Activity monitors 'are only useful when users set goals for themselves'

Scientific Developments/Breakthroughs

Using activity monitors as an aid for improving physical fitness is unlikely to be effective unless the user sets specific goals for themselves.

This is according to a new study from Oregon Health and Science University, which offered evidence that the use of activity monitors does not automatically make users more active or healthy, but can have an impact when paired with clearly defined objectives.

“Physical activity monitors are only useful in promoting healthier lifestyles when users set specific goals they wish to achieve, according to a new study.“

The study followed more than 400 healthy adults, most of whom were office workers, over the course of six months, with their physical fitness levels tracked every minute with the use of wrist-worn activity monitors.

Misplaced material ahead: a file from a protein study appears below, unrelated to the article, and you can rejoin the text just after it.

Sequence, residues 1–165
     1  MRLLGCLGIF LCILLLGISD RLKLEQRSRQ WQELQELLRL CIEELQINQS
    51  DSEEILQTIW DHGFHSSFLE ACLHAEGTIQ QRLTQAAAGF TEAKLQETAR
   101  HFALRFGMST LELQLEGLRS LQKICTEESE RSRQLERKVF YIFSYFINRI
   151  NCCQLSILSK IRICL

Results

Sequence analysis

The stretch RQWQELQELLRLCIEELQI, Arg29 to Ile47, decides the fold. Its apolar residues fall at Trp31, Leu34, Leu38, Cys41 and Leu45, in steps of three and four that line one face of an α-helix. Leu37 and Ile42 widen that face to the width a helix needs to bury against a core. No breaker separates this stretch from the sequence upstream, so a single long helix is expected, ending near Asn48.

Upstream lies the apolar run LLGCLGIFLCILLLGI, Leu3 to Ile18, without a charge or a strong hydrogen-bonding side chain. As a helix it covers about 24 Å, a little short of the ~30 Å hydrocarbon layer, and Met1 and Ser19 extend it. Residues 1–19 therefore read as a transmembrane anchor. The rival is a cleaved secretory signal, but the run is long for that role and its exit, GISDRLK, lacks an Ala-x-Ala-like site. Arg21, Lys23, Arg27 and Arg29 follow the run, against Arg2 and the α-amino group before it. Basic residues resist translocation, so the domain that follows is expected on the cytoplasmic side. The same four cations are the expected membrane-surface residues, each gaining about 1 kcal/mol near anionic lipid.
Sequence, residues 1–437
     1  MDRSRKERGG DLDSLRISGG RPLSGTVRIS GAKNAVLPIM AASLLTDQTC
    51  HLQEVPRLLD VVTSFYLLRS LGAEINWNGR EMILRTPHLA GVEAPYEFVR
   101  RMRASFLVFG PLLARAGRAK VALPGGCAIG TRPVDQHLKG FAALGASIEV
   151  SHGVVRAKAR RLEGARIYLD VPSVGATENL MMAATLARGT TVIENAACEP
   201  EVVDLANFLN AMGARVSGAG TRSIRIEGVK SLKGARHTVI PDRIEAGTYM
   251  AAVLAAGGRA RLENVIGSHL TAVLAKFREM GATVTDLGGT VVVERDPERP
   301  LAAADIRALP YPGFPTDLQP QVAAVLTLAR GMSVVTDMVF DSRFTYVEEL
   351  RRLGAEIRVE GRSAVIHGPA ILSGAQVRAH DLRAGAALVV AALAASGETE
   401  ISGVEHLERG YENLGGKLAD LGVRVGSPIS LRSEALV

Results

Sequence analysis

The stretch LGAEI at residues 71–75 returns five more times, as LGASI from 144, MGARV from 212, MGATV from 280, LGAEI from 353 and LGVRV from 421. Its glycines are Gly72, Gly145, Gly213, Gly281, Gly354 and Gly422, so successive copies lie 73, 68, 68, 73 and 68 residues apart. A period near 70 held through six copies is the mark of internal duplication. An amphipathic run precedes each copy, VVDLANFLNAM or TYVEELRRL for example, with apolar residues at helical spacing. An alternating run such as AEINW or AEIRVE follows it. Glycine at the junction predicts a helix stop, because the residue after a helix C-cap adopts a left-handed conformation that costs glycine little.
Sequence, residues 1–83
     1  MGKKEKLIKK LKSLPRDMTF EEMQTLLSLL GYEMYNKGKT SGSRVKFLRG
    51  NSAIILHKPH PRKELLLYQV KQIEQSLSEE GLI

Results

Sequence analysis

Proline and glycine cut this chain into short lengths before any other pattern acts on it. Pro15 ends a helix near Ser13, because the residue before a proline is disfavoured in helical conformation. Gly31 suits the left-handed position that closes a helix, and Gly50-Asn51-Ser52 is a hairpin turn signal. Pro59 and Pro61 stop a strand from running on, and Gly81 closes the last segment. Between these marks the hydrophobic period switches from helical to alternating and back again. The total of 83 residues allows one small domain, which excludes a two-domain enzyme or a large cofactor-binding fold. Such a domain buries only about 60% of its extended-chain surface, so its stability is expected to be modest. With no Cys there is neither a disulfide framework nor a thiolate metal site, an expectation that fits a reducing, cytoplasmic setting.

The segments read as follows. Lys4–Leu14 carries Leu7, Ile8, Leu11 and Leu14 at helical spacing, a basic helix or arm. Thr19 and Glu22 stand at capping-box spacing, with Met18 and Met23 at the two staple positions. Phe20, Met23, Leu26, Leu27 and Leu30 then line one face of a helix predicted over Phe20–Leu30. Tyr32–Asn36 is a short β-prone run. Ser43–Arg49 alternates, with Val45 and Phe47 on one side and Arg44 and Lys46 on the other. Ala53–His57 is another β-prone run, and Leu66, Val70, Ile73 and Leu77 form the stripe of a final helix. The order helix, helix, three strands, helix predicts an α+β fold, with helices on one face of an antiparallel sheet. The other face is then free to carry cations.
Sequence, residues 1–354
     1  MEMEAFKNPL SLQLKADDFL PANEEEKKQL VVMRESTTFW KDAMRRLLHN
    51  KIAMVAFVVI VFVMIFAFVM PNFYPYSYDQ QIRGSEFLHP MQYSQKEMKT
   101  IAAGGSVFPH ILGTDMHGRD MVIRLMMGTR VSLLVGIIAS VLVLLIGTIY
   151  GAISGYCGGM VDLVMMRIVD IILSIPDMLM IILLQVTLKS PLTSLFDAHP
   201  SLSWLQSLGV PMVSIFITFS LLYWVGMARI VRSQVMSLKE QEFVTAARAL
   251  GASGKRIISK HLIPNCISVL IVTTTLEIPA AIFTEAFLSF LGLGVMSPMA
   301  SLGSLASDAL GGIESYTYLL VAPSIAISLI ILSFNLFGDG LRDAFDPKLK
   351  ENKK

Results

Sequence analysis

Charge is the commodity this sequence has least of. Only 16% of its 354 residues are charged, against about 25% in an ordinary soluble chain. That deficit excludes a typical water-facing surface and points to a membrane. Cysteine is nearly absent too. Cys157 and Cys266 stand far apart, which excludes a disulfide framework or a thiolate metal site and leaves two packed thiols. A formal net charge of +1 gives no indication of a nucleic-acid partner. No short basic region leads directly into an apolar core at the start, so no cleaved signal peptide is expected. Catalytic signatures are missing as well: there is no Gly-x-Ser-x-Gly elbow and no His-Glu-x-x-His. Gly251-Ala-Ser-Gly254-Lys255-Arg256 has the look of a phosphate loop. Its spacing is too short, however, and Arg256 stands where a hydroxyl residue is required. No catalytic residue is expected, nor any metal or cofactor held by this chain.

It was shown that people using these monitors without a specific goal in mind actually saw a decline in their physical activity, with their heart health failing to improve, despite 57 percent of subjects thinking their activity had increased.

As such, it was recommended that people wishing to get more of a benefit should consult a medical professional to establish goals catered to specific health needs.

Dr Luke Burchill, an assistant professor of cardiovascular medicine at the university's school of medicine and Knight Cardiovascular Institute, said: "To make activity trackers effective, users need to set a specific goal and stick with it. When paired with activity goals ... these trackers can be powerful tools for increasing physical activity."

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